Co-written by Finn Birger Lie
Large established organizations and small entrepreneurial ventures alike now understand that design is important to their business success. Could the next step be for these organizations to actually become design centric?
Now observed for over a decade, the returns of companies that focused on design and thus consistently won the International Design Excellence Award (previously the Industrial Design Excellence Award) out performed the S&P index by over six-and-a-half percent annually.
More recently, top tier Venture Capital firms in Silicon Valley are employing their own design partners to specifically help their portfolio companies build design centric organizations, leading them through a process towards great design.
However, what does it really mean to be design centric? Is it just the latest fad introduced by the business press without essentially defining the term? To shed some light on what actually is design centric, we invited creative professionals to share their views in the following challenge:
What does it mean to be "Design Centric?"
Established and startup companies alike know design can be an important competitive advantage, so, what does it actually take to be "Design Centric" in practice?
Here is a sample of what we discovered:
Design centric Leaders - Consider design a competitive advantage to be managed in-house. They master design strategy and context, as well as implementation and apply design strategically.
Design centric Culture - Design is directly linked to an empathetic business philosophy and the user experience is everything.
Design centric Structure - In the organizational chart, design is part of the C-suite. Design has a voice and brings a comprehensive approach that can challenge existing assumptions, encouraging adherents to think outside the box, ignore conventional limits and consider what might be possible.
Design centric Process - Design Thinking is incorporated as an inclusive part of a company's mind and work processes and focuses on framing the right opportunity instead of mere problem solving. They rely on design research to identify design opportunities and drive requirements, which is the core of design centric product development.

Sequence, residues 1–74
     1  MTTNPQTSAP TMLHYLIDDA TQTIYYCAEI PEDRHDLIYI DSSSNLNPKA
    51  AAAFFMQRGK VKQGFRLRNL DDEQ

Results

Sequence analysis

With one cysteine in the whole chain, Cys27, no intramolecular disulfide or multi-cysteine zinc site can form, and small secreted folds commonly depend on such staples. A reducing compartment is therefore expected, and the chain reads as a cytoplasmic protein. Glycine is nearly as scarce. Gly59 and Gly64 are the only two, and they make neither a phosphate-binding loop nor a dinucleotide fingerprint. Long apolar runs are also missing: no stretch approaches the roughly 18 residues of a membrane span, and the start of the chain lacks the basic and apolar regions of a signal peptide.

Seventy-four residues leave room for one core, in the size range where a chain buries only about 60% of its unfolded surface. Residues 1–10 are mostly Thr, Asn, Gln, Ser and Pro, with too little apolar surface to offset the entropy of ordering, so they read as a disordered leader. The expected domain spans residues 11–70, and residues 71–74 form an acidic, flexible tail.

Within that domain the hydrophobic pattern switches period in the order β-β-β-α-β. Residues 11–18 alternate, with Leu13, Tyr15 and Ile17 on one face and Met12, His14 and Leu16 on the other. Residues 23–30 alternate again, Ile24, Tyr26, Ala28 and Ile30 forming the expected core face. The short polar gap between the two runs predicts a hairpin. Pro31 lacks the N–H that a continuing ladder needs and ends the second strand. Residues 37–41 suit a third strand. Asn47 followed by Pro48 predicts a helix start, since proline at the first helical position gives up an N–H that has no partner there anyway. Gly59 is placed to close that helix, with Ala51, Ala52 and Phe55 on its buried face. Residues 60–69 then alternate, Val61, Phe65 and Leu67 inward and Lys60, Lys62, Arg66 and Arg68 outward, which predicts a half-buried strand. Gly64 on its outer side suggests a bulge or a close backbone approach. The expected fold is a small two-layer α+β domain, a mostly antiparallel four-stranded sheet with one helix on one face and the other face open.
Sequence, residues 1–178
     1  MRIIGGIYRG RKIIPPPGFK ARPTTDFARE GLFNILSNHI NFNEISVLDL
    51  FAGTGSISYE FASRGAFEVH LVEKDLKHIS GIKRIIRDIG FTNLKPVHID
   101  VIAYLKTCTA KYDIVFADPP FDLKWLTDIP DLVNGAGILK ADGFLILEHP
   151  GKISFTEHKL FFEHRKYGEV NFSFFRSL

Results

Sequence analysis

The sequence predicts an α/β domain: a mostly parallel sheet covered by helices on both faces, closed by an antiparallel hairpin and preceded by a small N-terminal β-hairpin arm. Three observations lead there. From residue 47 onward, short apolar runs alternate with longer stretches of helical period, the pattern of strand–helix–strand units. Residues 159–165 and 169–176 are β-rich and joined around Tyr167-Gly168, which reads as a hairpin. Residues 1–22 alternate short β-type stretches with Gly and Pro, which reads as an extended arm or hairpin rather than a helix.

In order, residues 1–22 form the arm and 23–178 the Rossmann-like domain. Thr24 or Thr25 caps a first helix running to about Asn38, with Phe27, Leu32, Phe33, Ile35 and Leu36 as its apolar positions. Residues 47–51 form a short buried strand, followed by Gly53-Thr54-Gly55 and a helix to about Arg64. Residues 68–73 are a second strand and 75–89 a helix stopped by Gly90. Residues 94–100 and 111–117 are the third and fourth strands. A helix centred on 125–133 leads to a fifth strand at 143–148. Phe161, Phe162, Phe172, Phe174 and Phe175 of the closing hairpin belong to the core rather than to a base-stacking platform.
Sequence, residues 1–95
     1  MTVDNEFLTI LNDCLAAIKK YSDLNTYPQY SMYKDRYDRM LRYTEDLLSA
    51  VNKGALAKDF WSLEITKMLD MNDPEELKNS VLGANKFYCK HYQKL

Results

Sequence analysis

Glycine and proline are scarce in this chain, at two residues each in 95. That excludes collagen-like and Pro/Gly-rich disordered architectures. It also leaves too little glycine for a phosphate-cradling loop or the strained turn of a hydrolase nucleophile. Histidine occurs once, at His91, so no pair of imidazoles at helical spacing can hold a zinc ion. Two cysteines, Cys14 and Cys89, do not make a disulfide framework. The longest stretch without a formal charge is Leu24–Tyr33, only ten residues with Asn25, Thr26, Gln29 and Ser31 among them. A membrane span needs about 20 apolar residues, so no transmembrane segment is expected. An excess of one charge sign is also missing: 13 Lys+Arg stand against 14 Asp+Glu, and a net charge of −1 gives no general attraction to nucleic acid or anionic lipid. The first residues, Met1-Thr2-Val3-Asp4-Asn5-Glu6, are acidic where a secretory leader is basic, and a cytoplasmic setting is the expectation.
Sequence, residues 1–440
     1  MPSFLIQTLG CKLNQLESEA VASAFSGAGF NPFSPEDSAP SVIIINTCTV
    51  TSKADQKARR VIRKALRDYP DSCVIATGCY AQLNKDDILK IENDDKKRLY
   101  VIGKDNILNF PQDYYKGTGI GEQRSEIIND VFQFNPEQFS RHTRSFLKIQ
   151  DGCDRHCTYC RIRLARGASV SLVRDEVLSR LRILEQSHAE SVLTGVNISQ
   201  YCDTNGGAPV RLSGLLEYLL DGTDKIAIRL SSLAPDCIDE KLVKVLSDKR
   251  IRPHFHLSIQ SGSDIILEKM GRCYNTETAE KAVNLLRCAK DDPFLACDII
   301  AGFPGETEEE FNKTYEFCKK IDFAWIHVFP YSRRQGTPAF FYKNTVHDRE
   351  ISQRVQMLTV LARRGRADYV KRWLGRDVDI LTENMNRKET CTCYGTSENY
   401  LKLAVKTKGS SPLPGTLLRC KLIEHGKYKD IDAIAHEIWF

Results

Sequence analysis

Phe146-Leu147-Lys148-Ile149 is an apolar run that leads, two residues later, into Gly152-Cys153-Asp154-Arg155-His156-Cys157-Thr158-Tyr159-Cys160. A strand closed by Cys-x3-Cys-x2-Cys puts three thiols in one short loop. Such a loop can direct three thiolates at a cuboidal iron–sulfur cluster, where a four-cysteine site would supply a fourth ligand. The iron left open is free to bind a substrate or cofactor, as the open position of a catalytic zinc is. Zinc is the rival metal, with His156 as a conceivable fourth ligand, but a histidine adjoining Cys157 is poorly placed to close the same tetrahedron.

From these observations, we found the term design centric to be less understood than other more established terms, such as user centered, design thinking and design strategy. In general, the term design centric was suggested to be more of a combination of comprehensive design aspects like leadership, culture, structure and processes than the minute characteristics of the deliverables.
Some also raised concerns that framing design as centric would contradict the comprehensive approach needed to balance the needs and concerns of all relevant stakeholders, which should be at the center of any organization. Concerned that any type of centric, at all, whether it be user centric, technology centric, profit centric might eventually cause the loss of perspective and disintegrate into a dogma.
So, how then might we understand a term that has been taken on by parts of the business community as being the very "key" to achieving superior market value for S&P 500's and to securing competitive advantages and market growth for startups?
Design centric applied, in an empathetic business culture and comprehensive and inclusive design process, seems capable of driving both incremental or breakthrough innovation. Yet, all can agree that design is iterative and there is no natural conclusion to design. It is a constant learning, improving and testing cycle and, as such, lends itself best to process execution. Even so, design centric might just be the secret handshake that can finally "earn design a bonafide seat at the table."
Special thanks to Finn Birger Lie for researching and co-writing this article.
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